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Back in 2005, Congress passed the Renewable Fuel Standard (RFS) that requires biofuel be blended into gasoline in the U.S. By now, we’ve all noticed that the gasoline at local gas stations has “up to 10% ethanol” and according to the RFS, it’s required that that ethanol continue to increase – however, not by percentage, but by gallons.

When the RFS was passed, it was passed with the belief that Americans would use more and more gasoline as the years went by, and therefore, the amount of ethanol could be increased without compromising the ratio. However, Americans are actually using less gas, and that means the original proposal gallon additions could be problematic.

Ethanol is not actually as good for gasoline as once thought – in fact, ethanol’s net emissions can be as much as 70 percent higher than the emissions of traditional gasoline. That means the more ethanol we add to gasoline, the less it will burn cleanly. It also means fewer miles per gallon.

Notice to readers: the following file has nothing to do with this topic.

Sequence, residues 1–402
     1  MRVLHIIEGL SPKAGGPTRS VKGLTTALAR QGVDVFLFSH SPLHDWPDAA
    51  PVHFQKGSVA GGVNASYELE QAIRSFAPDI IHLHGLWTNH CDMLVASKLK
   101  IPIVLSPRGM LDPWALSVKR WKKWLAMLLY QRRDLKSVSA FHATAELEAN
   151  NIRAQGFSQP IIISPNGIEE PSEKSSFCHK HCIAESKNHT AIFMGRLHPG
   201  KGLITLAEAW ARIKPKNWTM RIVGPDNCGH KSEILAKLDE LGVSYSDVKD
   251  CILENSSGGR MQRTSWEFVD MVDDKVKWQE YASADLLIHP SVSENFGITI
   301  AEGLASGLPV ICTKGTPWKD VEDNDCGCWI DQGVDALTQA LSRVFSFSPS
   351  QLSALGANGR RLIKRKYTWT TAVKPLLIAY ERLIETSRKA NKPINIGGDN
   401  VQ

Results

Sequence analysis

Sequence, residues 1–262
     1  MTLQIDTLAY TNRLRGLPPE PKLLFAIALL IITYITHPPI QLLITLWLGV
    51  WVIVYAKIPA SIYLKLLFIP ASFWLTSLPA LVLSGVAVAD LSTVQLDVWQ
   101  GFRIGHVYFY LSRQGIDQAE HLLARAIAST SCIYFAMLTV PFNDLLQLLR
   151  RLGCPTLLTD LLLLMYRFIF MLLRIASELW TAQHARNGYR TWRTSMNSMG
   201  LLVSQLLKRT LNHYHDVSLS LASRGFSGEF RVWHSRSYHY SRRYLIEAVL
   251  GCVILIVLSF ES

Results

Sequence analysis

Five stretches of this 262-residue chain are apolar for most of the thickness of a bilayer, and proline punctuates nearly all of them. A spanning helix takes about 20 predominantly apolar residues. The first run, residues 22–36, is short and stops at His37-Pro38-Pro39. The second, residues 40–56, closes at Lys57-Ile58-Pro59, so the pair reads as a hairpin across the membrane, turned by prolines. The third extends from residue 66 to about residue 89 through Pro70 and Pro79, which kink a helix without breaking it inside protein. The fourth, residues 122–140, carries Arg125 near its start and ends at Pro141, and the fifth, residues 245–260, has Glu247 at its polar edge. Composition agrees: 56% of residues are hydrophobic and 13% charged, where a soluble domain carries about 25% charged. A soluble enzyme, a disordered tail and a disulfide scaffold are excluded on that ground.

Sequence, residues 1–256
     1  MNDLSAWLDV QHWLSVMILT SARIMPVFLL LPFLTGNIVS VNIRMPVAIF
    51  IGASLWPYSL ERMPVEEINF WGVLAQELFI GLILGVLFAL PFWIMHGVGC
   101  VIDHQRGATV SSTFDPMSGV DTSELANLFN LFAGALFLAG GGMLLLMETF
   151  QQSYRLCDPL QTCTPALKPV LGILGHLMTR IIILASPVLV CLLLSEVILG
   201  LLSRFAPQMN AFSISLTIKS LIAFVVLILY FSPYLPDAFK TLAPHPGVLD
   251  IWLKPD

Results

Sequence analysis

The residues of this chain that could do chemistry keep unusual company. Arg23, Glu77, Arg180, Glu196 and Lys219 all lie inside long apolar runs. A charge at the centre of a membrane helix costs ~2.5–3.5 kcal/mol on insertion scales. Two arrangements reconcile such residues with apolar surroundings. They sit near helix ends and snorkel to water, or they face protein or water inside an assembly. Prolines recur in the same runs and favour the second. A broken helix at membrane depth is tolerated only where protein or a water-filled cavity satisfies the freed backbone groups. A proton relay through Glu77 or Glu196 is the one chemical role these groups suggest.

Since the EPA has the power to make some adjustments to the law, it recently decided to try to balance Congress’s goal and the fuel market and put forth a 2017 ethanol requirement that’s “less than the law requires, but more than the market demands.” The original bill calls for 24 billion gallons of corn-based ethanol to be blended into the 2017 national gas supply, but the EPA proposed 18.8 billion instead. While that’s over 5 billion gallons less than the original, it’s nearly 700 million gallons more than what was required for 2016.

Chet Thompson, president of American Fuel & Petrochemical Manufacturers, said that he supports the EPA’s actions, but their call for 18.8 billion gallons of ethanol still goes beyond “marketplace realities.”

Now, several groups and companies are calling for the repeal or reformation of Congress’s original RFS bill, calling it a failure. Until the bill is adjusted, the EPA is calling the ethanol shots, and will issue a final rule by the end of this year.